Spotlight: Albert Duntugan, Managing Data and Information Architecture at UCLA Health

Posted by Leah Burns, IT Communications Coordinator, UCOP. Albert Duntugan always loved science and like many who study biology, intended to pursue medical school. However, after completing his bachelor’s degree from Loyola Marymount University, Duntugan pursued an interest in public policy and completed his master’s degree in health administration from the University of Southern California. “Things never work out like you originally plan,” he said with a chuckle. “A lot of what I do sounds complicated. I can imagine explaining it to my kids, and then they tell me they want to go on and be an astronaut or musician.” A native Los Angeleno, Duntugan currently works at UCLA as an Enterprise Information Architect.

Duntugan joined UCLA in 1998, starting in the School of Medicine as an Administrative Specialist, where he managed funds for physicians and programs. “I slowly climbed the ladder and over the course of ten years became the lead of a unit within UCLA’s Faculty Practice Group,” he said. In January 2013, he transitioned to his current role in the UCLA Health Sciences’ Office of Health and Informatics as Director of Informatics. Since then, he has held the role of Senior Director of Analytics and most recently, Senior Director of Enterprise Information Architecture. “The fact that my job title changed three times in three years speaks to how fast things are moving here,” he said.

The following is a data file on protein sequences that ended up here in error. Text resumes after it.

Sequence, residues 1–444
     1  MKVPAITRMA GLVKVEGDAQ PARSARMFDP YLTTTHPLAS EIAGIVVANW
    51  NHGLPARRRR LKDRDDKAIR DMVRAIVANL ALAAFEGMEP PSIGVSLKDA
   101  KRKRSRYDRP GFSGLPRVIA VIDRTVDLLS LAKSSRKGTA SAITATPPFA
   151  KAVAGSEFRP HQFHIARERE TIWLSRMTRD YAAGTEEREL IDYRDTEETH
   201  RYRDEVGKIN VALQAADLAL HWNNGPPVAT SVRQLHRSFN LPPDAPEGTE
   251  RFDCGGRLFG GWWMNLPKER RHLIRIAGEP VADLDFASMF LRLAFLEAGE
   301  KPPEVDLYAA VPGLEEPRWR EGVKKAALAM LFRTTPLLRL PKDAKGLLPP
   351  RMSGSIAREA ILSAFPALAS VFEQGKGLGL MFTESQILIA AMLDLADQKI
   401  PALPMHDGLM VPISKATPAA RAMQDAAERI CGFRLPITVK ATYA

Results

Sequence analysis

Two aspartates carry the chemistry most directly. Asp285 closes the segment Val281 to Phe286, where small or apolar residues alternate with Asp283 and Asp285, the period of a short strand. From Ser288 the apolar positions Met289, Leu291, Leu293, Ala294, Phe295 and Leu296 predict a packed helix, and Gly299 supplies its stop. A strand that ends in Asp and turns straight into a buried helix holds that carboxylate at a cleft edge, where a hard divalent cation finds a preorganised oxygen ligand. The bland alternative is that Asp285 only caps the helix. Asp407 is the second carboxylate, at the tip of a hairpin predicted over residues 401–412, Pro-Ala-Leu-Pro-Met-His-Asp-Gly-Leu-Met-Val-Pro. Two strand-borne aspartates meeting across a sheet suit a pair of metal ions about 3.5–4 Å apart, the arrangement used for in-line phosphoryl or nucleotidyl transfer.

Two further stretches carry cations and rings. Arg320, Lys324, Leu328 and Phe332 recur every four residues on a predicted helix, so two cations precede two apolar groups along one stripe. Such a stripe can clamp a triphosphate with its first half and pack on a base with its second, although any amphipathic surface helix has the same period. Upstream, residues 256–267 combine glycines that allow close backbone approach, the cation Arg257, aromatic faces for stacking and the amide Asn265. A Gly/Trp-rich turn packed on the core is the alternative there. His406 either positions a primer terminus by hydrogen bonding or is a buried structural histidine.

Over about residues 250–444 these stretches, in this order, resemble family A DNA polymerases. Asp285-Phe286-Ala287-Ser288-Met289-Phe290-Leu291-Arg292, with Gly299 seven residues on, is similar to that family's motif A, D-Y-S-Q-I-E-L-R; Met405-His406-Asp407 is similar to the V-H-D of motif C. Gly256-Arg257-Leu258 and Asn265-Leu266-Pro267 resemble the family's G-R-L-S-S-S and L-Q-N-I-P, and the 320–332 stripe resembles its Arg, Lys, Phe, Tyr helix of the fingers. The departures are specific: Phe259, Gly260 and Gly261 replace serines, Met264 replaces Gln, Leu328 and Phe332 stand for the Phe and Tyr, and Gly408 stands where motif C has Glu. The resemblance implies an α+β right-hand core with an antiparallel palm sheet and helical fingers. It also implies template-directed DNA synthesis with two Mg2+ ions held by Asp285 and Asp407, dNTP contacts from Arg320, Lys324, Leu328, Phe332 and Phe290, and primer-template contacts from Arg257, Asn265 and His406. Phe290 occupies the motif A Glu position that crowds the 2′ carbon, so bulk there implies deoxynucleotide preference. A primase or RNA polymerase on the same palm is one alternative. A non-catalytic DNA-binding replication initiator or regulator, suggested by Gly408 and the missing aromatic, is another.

In his current role, Duntugan manages a team of data architects and engineers at UCLA Health, and also works with clinical staff on addressing the needs for population health. This includes providing data to support clinical quality and research programs from the health system’s Enterprise Data Warehouse, which, among other things, holds a vast repository of electronic health record data. According to Duntugan, there are a lot of teams involved with “cleaning” and validating the data. His team also works with business intelligence groups, analysts, finance, operations, research, etc. “This isn’t just an IT programming effort, but requires staff from many areas,” he said. Duntugan also pointed out that the data in the Enterprise Data Warehouse can be very sensitive, and so he helps to make sure that the right people are getting access to the right data.

He added that one of his favorite aspects about his job is the team that he works with. “Just seeing all of this talent come together and collaborating together… I feel like a piece of a big puzzle, and it’s rewarding to be a part of an organization advancing healthcare.”

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